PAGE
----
Harra tells MPs HMRC stunned by ‘strength of feeling’ on helpline closures

Harra tells MPs HMRC stunned by ‘strength of feeling’ on helpline closures

Apr 30, 2024

The head of HMRC has told MPs that the ferocity of criticism over its decision to shut helplines with virtually no notice was unexpected and the ‘strategy was being rolled out too fast’

Probed by MPs at the Treasury Committee over the fallout from the proposed closure of phone helplines, HMRC chief executive Jim Harra said: ‘There was a strength of feeling from stakeholders that we did not expect. Our strategy is still digital first but we are not proceeding with the changes announced on 19 March. We will engage with stakeholders – we need to go through all the concerns that stakeholders had.’

Committee chair Harriet Baldwin asked whether the closure was an operational decision, but Harra rejected this, saying: ‘No, that was not the case, HMRC decided it was a good idea to do this. That was shared with ministers.’

Clearly the level of outrage about the decision had shaken HMRC, with Harra stressing to MPs that the tax office had done plenty of internal research before taking the decision.

He added that the ‘immediate reaction from tax professional bodies that despite trials we were moving too fast and they did not have reassurance that we had the services online that people needed.’

Harra added that HMRC ‘had talked to tax professionals, frankly they would prefer us not to make these changes and to be resourced to do things as we have always done’.

However, when pressed by Baldwin on whether the Chancellor and PM intervened to force a reversal of the decision, Harra said: ‘Ministers certainly expressed their concern about the reaction and genuine concern about how this would work.’

‘Having heard stakeholder reaction, ministers want more assurance that we can successfully implement the digital first service.’

Due to the reversal on the helpline closures, HMRC faces a budgetary and resources dilemma as it had clearly reallocated funds to other areas of the organisation.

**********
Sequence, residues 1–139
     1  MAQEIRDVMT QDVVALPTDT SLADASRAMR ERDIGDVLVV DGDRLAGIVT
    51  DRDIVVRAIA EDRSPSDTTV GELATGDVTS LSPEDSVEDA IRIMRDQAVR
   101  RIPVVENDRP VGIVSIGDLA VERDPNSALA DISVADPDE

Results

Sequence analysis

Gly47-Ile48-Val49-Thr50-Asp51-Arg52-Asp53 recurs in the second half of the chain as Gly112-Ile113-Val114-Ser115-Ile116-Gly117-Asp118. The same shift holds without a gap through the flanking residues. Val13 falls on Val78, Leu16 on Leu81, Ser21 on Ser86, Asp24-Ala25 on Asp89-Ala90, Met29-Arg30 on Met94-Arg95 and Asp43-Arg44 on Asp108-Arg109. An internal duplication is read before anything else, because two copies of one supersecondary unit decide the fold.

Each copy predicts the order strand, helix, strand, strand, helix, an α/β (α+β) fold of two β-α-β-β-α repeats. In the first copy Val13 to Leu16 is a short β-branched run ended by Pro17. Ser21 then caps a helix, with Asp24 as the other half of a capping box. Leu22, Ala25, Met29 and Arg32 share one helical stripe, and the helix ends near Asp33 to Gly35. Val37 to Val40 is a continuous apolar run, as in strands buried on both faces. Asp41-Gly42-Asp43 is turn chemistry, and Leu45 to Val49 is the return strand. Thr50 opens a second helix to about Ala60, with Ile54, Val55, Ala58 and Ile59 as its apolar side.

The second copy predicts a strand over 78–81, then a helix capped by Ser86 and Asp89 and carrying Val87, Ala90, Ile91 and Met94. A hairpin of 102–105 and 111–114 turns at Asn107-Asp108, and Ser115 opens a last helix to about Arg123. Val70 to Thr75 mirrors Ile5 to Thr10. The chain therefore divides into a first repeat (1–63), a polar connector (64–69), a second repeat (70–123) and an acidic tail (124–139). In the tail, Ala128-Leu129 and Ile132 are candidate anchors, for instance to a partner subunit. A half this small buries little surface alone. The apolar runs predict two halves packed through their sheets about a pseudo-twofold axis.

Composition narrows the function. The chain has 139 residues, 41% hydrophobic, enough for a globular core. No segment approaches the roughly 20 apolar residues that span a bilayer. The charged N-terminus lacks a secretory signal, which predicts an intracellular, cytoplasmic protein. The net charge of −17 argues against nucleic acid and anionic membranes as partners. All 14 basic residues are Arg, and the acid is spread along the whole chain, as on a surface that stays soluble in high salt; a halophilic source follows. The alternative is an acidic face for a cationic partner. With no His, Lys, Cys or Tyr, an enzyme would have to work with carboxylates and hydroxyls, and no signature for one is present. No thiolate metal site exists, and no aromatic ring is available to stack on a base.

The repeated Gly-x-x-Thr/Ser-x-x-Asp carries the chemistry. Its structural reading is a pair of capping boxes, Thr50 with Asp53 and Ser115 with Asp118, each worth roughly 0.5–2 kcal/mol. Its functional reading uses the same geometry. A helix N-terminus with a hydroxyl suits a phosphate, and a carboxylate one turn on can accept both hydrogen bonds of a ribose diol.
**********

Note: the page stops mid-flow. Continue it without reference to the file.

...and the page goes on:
With no plans to close helplines in the immediate future, Harra said: ‘Given that we are not going ahead with these closures, we need to deploy more helpline resources.

‘We do not have the funding to do this but we are in discussion with ministers about our plans to produce the best level of service that we can after not going ahead with the decision of 19 March.

‘The response will have to be that we deploy extra resources on our phonelines and whether that is through additional funding or reprioritising other services.’

When asked how HMRC would be moving forward, Harra said: ‘We will be implementing this strategy on a slower track and will be more reliant on marketing our services and encouraging customers to try online first.

‘We will still be able to make progress but not at the rate we would need based on the current resources and current forecast.

‘In the short term we are in for a very difficult first quarter – I would hope that going into the second quarter that we will be able to make improvements as long as pushing digital first strategy at all opportunities, but if the solution in the short term is to deploy more resources it takes time to recruit and train them and deploy them effectively.’

When asked what could be done to provide more bespoke online services, Harra retorted: ‘I can’t design a concierge service for 45m taxpayers.’

MPs were concerned about the helpline closures and lack of notice for taxpayers.

Harra said: ‘I was disappointed that despite the work we had done the previous year there was so much concern that we would not be able to provide the services.

‘We did not give enough time when we published the evaluation, on the same day we announced the decision to close the service. We need to engage more carefully with stakeholders.

‘We need to reflect on the pace that we move.

‘I fully believe in our strategy and I want us to continue to implementing the strategy as fast we can. I am very disappointed that we haven’t been able to take this modernising step.’

He added that HMRC should have ‘taken more time to go through the evaluation of last year’s trial and spent more time explaining how people would be supported’.

But in a telling comment, Harra said: ‘For some of our stakeholders, modernisation of HMRC is not in their interests.’

Regardless of the latest decision to halt helpline closures, this is a centrepiece of HMRC’s long-term strategy.

‘I am not saying we will not return to this – we are not just pausing to try again, we have stopped those changes and we are reviewing our strategy,’ Harra said.

‘There are very high wait times on some of our helplines – either we reduce demand or we increase resources.’